Corn Price Surges on Drought

December Corn Futures Blast Past $6 on the Way to Highest Close of 2023

Katie Micik Dehlinger
By  Katie Micik Dehlinger , Farm Business Editor
Illinois' good-to-excellent corn condition rating dropped to 36% (blue dotted line). The last time it was lower was in 1992, when 28% of the crop was rated good to excellent. July rains rapidly turned those crops around, ultimately producing record yields. (DTN Prophet X chart by Todd Hultman)

MT. JULIET, Tenn. (DTN) -- December corn futures wiped out a milestone Wednesday morning and never looked back. By closing well above $6 at $6.28 3/4, December corn futures are trading at their highest so far in 2023.

"Weather is still in charge," DTN Lead Analyst Todd Hultman said. "It's really tough to call how this is going to turn." If the weather stays dry, corn prices could climb to $7 or perhaps $8 per bushel. If it rains -- as the weather forecasts anticipate -- it'll be harder to decipher the impact on prices.

On Tuesday, the USDA Crop Progress report showed that good-to-excellent corn condition ratings declined 6 percentage points to 55% nationwide, with large drops in Illinois, Michigan and Iowa from the previous week. It's the lowest good-to-excellent rating since 1988, a notable drought year. Find Crop Progress report details here:….

"Interesting considering that June 1988 came when La Nina was setting in -- whereas June 2023 finds the Pacific Ocean in a solid El Nino phase. My guess is that few if any outlooks had a Corn Belt drought in the scene for early summer," DTN Ag Meteorologist Emeritus Bryce Anderson said.

For most of the year, global weather models suggested a rapid turn from La Nina to El Nino conditions, but long-range forecasters say that transition is taking longer than expected, and that's a key component behind this summer's unexpected flash drought. DTN Ag Meteorologist John Baranick explains it in detail here:….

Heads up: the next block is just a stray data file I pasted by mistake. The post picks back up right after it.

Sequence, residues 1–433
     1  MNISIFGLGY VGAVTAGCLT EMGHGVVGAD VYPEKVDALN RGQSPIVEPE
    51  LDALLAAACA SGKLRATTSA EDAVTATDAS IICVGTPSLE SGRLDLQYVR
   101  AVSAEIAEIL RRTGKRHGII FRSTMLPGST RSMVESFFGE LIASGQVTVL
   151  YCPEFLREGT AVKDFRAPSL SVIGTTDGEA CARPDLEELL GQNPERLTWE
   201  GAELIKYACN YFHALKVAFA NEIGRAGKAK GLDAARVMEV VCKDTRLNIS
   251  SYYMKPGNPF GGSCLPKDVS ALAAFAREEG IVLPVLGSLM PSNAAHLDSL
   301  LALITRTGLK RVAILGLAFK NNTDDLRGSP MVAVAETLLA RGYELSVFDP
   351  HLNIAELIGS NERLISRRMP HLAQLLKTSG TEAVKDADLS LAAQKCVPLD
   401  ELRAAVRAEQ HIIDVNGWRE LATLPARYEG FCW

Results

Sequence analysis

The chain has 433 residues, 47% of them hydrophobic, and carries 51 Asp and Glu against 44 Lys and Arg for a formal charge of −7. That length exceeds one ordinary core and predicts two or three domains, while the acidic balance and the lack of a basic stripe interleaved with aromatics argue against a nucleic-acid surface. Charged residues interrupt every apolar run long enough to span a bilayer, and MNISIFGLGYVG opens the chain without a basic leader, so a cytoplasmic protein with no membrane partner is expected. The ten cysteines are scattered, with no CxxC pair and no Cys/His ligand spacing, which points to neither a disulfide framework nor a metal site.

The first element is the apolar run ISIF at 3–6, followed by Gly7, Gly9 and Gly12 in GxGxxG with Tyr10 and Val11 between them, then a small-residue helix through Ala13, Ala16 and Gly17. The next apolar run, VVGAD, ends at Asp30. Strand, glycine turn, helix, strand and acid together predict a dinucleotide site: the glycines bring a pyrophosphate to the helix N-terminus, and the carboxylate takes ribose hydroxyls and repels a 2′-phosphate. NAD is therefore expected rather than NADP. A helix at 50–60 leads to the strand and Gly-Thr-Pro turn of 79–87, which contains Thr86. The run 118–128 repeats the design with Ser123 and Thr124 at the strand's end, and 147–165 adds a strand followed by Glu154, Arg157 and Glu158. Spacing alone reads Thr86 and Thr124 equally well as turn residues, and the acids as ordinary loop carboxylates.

Usually, when corn prices hit psychologically significant levels like $6 per bushel, farmers start thinking about forward selling some of their new-crop production. But Hultman's heard that's not the case this year. Farmers may be holding back because they're not confident in the crop conditions on their farm, or they think the market can go higher than $6.

"After the crop ratings Tuesday, I kind of sympathize with the latter," Hultman said.

The only time good-to-excellent condition ratings in Illinois were 36% or worse was in 1992, when it was 28% good to excellent the same week.

In 1992, the drought map was similarly focused on the Eastern Corn Belt and Great Lakes.

"Both corn and soybeans finished with record yields that year," Hultman said, adding that a weather note in a USDA report described drenching, drought-busting rains in July. "That seems like a really interesting cautionary tale for the situation we're in right now," Hultman said.

It would take a widespread, heavy rainfall event in Illinois and Iowa to flip the corn market's trajectory like in 1992, and current forecasts call for more frequent, but variable thunderstorms, not the drenching downpours needed to forestall significant production cuts.

Hultman said he doesn't think 2023 will turn out like 1992, "but it's a reminder of how much variability is still in play," with more than a week left in June.

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Katie Dehlinger